And while physical disabilities are an obstacle, mental illness and emotional challenges are another significant barrier, because they often go unseen and untreated. Depression, attention challenges, learning disabilities, abuse and more can be missed by teachers, counselors and administrators, as well as parents.

3. Targeted By Bullies / Physical And Psychological Intimidation

The nature of bullying has changed from when many of us went to school. It’s no longer the big school-yard boy stealing lunch money. Now we have cyberbullying, physical and psychological intimidation, and social stigmatization exerted by others.

Bullying can happen anywhere and to anyone, and be caused by anyone. It is difficult to prevent, because targets for bullying can range from socially awkward students, to kids of different races, sexual orientation and other backgrounds. What’s more, it can happen in the classroom, hallways and cafeteria as well as in chat rooms and on social networks. There is no environment or person who is more prone than others. Worst of all, the psychological impact is often very devastating with students seeking to either drop out or transfer from school. For some students, being the victim of bullying forces them to even more extreme alternatives like suicide.

What can we do to turn this around?

The subject of drop-out prevention has been raised by many people and experts over the years. Here are some suggestions to help continue the progress that has been made:

  • Schools and their surrounding communities need to make alternative education and drop-out prevention programs a priority. We all know that most teachers, school administrators and school boards are stretched. But a community that unites around a cause can make a huge difference. For example, mentoring students after school is one way community leaders can have an impact in connecting education to future success. Business leaders need to look beyond the taxes they pay and see how they can support mentoring teenagers both in the classroom and in the community. On the flip side, schools need to be more accommodating of local businesses – reaching out to bring in guest lecturers and adapting to ensure students can participate more in out-of-school mentoring programs.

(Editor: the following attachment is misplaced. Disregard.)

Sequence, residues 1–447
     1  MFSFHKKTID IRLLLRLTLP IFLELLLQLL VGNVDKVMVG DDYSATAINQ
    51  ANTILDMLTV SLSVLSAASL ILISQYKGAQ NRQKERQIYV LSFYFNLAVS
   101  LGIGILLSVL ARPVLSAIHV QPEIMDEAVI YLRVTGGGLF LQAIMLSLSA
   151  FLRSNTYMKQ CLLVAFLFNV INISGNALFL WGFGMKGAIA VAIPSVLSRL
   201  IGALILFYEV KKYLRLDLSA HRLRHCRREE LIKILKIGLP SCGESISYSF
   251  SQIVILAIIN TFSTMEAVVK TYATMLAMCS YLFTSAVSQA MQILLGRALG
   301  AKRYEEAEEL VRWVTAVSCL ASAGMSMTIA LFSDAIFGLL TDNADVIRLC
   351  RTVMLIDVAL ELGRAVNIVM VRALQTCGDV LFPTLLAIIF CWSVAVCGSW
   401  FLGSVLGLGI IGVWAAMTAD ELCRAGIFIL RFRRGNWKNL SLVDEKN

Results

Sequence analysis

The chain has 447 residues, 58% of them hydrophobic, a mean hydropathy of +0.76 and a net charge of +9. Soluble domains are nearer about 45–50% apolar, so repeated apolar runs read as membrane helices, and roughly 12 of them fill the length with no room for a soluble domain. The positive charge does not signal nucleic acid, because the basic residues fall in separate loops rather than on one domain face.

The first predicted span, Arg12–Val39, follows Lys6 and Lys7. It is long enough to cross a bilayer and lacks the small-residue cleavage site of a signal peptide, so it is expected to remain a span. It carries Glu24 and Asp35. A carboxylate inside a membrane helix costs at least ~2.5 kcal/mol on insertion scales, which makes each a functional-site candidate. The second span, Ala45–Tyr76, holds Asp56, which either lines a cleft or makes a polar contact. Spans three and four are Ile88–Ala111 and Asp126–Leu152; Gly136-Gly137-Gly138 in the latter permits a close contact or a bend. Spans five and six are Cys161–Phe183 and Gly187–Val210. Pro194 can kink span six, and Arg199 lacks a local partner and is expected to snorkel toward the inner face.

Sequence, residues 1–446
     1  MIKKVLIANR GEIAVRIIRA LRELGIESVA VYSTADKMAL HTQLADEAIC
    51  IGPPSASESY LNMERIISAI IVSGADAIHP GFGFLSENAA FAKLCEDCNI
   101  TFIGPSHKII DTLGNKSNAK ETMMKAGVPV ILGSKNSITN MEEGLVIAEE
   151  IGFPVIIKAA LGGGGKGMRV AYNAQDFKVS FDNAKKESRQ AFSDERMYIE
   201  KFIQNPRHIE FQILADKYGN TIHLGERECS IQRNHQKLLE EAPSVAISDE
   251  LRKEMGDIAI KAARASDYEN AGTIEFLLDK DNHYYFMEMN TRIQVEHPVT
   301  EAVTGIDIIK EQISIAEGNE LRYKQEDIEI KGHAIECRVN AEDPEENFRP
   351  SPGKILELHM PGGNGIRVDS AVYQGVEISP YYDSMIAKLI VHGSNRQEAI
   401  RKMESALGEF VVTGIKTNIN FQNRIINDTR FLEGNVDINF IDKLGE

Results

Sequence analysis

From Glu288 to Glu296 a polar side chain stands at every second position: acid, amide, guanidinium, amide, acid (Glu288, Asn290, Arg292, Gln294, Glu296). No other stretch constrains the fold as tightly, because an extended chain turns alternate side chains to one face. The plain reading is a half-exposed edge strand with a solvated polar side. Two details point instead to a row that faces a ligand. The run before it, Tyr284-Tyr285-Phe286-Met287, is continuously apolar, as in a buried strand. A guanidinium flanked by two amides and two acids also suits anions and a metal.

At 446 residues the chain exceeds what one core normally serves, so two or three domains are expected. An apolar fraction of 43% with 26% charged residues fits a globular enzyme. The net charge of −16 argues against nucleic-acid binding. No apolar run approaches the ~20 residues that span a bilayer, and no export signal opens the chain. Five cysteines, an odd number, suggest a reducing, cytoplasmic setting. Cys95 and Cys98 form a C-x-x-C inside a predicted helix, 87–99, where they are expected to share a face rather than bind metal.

• Schools need to implement a more proactive approach to dealing with school absences. If chronic tardiness is an issue, perhaps there is a problem at home? The problem can be minor, such as busy parents or a single parent. I know when I started off as a single parent and my daughter was in elementary school she often did not want to ride the bus. Yet, between her schedule and mine, it was a challenge to get her to school on-time. I called and asked the school if there were any resources available, such as a list of car pool groups. The school did not keep track of that. What a waste! By providing car-pooling resources and connecting parents to support networks, we can help ensure kids get to school more consistently and take some of the stress away from parents.
  • Reaching kids when they are young to help them address behavioral challenges gives them a better chance to make corrections. This means the school needs to make better student observations, and communicate more with the child’s parents.
  • Bilingual programs for parents to help bridge the communication gap. This is more than sending out a weekly newsletter in Spanish. My daughter briefly attended a school in which Hispanic students made up more than one-third of its student body. Often times, there were 3 or more kids in a class that did not speak English with proficiency. The school had trouble communicating with parents, because most of them did not speak English. The solution? We pooled resources and parents to string together a frequent number of parent-school nights just for Spanish-speaking parents and their kids. We needed a translator to assist, but the event helped break down communication barriers and integrated students and their families into the school. Integrated students are less likely to drop out.
  • Greater school choice and domestic exchange programs to allow teenagers to get out of bad school systems. Though not a perfect solution, school systems need to experiment with opening slots to students from other school districts. The METCO program in Massachusettshas done this longer than anywhere else in the country. I also think we should look at national domestic exchange programs, which would work along the same lines of foreign exchange programs. While the schools will need to work to ensure student integration (this was a challenge with the METCO program), the benefits to teenagers who may be at risk of dropping out are significant.